What a lovely idea. In Dublin’s iconic city centre park, a place specially constructed for blind people to access and appreciate plant-life. Shame no-one told the gardeners. Any time I’ve been there, the plants nearest to those signs bear no relationship to the named plants. On at least one occasion, the nearest plants were spiky and unpleasant to touch and smell. Another good idea gone to waste!

TCD Arts Block

Two images side by side, on the left, of the Arts Block, Trinity College, Dublin, labelled "Bladerunner"; on the right,a screenshot from the movie BladeRunner, labelled "TCD Arts Block"

Spot the difference… From The Daily Edge

Modelled on the Hanging Gardens of Babylon, apparently – but they used the wrong type of stone in the bricks, so they couldn’t grow plants in the cavernous ceiling blocks. But that doesn’t explain the Blade Runner motif running through the building, down to the blue toilet lights.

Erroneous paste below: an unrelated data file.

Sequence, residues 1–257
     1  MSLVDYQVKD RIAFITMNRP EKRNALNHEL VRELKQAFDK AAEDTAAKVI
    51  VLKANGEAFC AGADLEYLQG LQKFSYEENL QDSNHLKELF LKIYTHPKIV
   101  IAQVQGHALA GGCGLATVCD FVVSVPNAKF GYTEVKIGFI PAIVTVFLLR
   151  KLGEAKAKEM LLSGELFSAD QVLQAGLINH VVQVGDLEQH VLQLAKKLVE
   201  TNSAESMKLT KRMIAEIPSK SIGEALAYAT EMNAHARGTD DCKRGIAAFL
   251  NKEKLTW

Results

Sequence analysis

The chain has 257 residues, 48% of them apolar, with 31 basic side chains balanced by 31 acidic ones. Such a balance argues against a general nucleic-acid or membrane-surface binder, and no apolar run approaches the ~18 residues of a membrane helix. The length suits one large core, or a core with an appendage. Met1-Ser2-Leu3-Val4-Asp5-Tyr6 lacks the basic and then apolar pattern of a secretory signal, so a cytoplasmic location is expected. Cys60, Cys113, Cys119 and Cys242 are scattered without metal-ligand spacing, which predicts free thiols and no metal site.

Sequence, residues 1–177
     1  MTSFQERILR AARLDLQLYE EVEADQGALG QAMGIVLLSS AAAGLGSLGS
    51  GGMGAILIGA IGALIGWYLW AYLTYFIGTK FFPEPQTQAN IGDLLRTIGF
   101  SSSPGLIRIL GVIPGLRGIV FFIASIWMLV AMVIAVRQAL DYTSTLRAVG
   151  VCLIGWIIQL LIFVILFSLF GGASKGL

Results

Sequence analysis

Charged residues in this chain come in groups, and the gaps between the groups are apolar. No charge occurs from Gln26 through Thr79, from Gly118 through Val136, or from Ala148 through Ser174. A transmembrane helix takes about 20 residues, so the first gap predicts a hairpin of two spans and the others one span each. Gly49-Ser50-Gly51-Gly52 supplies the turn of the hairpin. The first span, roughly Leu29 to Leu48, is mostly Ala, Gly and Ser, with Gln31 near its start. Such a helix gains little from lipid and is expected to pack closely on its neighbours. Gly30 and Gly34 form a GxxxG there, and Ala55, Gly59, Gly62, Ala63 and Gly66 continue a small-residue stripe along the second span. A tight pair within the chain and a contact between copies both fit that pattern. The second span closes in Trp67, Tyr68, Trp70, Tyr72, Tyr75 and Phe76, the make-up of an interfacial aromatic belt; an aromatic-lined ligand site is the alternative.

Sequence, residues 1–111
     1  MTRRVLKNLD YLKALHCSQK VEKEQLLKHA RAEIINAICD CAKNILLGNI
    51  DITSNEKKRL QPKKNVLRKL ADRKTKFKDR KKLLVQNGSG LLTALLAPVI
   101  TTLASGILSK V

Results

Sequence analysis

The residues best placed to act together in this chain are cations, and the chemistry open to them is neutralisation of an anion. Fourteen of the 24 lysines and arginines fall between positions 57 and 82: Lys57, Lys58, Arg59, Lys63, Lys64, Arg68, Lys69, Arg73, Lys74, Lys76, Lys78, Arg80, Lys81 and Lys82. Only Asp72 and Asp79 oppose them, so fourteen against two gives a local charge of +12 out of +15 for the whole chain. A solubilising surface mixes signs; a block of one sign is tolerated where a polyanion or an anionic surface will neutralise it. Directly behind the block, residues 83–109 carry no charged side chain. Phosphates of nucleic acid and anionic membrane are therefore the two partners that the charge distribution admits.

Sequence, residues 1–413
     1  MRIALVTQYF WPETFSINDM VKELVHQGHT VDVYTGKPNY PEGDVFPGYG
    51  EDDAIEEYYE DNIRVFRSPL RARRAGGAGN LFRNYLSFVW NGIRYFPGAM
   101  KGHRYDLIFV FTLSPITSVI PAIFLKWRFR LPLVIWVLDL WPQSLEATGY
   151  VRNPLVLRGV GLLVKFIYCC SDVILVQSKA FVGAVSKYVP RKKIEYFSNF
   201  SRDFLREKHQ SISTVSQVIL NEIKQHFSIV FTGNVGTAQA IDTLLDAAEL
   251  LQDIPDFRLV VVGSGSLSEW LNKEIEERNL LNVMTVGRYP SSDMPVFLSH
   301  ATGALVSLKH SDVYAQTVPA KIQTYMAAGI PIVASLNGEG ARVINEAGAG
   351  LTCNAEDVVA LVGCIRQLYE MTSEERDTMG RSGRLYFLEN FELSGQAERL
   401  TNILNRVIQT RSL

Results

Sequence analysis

Fiona Hyde, writing on

From September 1995 to November 2005, I studied Arts and Humanities in Trinity College, Dublin. All my lectures and tutorials took place in the infamous Arts Block. How to describe this award-winning architectural gem?
When I started, this was a 5 storey building. They built a 6thloor on top in the early 2000s, which meant I was travelling in an outdoor freight lift for a while. And nearly got carbon monoxide poisoning while taking an exam, since the builders’ generator was positioned directly in front of an air-vent intake. But I digress.
The first confusing thing about this building is that the floors are numbered using the  American system. So rather than having a ground floor with the first floor above it, you have level 1 with level 2 above it.
The second confusing thing is that the main floor, at street level, is level 2.
The third, and perhaps most baffling element of the design, is that each floor gets smaller as you ascend. This means there are fewer rooms on level 4 than on level 3.